Stone Worship

The pilgrim makes the sign of the cross on certain stones and may turn the body round the stone too.

Temple Rushín

The Stations are also linked with this old church. It may be 10th century ( Fr. J. Mc Kenna), 13th century (Lady Lowry Corry) or 6th century (Fr. Gus Leaden).

It has a bullaun stone, that is a stone with a deep hollow. There is another at the old mill. In 2000 Fr. J.J. Ó Ríordáin CSSR compiled a pilgrims' manual which may be used by any denomination.

There are ruins of four other churches within a radius of 4-5 miles. They are:

  • Killinagh
  • Templenaffrin
  • Temple Maol
  • Killesher

There are about 24 ancient stones and monuments within a 10 mile radius. Example Crom Cruach standing stone, the cursing stones, stone circles and giants' graves (or dolmens). One might speculate that the area was strong in pre-Christian worship.

A curative well

Claims have been made that a cure for stomach ailments and nervous depression has been wrought.


About Lughnasa

Máire Mac Neill tells us it was one of the quarterly feasts of the old Irish year. The others were:

  • Samhain (Nov 1)
  • Bealtaine (May 1)
  • Imbolc (Feb 1)

Lughnasa celebrates the beginning of the harvesting of the crops, corn in earlier times and later potatoes. Lughnasa took place at a traditional site – a height; a waterside; a lake, a river or a well. 78 Lughnasa assemblies take place at holy well sites. Another feature of Lughnasa by Máire Mac Neill is that of the ancient assemblies. They are covered extensively and are most interesting.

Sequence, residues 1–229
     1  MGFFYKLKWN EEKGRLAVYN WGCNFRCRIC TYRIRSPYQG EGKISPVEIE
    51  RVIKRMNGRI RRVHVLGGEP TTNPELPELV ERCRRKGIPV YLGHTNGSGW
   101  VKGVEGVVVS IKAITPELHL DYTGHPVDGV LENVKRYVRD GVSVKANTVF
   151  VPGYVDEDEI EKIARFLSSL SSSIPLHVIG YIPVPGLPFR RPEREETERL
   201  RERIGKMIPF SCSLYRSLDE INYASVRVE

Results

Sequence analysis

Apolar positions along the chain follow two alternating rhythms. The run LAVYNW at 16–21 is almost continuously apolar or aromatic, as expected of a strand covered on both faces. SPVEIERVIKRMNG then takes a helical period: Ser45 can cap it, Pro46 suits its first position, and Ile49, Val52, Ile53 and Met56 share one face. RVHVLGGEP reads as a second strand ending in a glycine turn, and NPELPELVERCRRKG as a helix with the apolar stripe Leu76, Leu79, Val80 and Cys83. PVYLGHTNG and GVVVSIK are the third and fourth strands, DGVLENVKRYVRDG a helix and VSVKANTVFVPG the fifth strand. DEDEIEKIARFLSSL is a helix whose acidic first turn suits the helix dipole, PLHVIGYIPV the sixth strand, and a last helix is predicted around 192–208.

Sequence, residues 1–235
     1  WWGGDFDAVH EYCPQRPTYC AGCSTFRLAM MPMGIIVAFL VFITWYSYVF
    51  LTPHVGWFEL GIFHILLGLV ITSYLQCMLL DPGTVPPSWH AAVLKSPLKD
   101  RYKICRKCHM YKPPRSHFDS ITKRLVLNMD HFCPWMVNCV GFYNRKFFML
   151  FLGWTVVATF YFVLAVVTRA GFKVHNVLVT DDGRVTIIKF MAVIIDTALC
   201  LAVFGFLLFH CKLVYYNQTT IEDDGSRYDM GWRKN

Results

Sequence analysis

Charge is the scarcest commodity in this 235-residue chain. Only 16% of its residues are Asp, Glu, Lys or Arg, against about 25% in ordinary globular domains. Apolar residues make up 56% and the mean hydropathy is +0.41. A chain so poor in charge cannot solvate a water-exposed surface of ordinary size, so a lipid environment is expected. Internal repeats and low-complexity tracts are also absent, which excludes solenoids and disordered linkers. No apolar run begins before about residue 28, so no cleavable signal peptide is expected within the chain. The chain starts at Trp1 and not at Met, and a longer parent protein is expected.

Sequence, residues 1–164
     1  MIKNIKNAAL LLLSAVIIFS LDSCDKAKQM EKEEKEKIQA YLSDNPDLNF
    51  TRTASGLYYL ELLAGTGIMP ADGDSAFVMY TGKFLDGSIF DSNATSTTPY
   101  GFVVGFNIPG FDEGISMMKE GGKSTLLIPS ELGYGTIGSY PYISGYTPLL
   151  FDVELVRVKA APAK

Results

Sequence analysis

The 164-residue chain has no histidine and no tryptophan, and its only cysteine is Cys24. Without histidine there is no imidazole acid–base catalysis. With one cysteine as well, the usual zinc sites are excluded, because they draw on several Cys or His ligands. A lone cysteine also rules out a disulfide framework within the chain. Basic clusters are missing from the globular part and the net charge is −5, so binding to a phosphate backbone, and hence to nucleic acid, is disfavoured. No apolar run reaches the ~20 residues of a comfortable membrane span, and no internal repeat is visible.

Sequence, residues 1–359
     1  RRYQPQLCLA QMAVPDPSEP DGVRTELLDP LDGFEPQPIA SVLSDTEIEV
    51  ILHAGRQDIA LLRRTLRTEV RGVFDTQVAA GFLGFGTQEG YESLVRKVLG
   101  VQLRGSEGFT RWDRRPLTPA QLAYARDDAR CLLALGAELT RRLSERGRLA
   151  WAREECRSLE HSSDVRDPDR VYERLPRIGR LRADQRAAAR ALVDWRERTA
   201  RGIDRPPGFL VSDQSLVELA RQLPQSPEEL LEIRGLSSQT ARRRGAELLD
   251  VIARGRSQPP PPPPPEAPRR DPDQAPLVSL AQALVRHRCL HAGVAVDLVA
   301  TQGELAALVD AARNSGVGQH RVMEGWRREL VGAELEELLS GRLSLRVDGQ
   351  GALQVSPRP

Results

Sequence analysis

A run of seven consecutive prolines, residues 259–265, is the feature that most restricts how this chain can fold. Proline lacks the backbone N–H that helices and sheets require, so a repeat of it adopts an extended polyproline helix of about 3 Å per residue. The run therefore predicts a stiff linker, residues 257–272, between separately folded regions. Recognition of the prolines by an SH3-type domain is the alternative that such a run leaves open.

Mac Neill tells us that ancient assemblies were known as Oenachs. They were held at centres of provincial kingdoms, and were 'a unitive religious, political and social assembly'. Oenach Tailten was the most famous of Lughnasa assemblies (Telltown, Co. Meath). There was Carmen in Leinster, Cruachan in Connaught and Emain Macha near Armagh. 'These Oenachs of Lughnasa had become before the political downfall of the culture which had produced them the highest politico-social expression of that culture.'

For further information on Dabhach Phádraig please contact: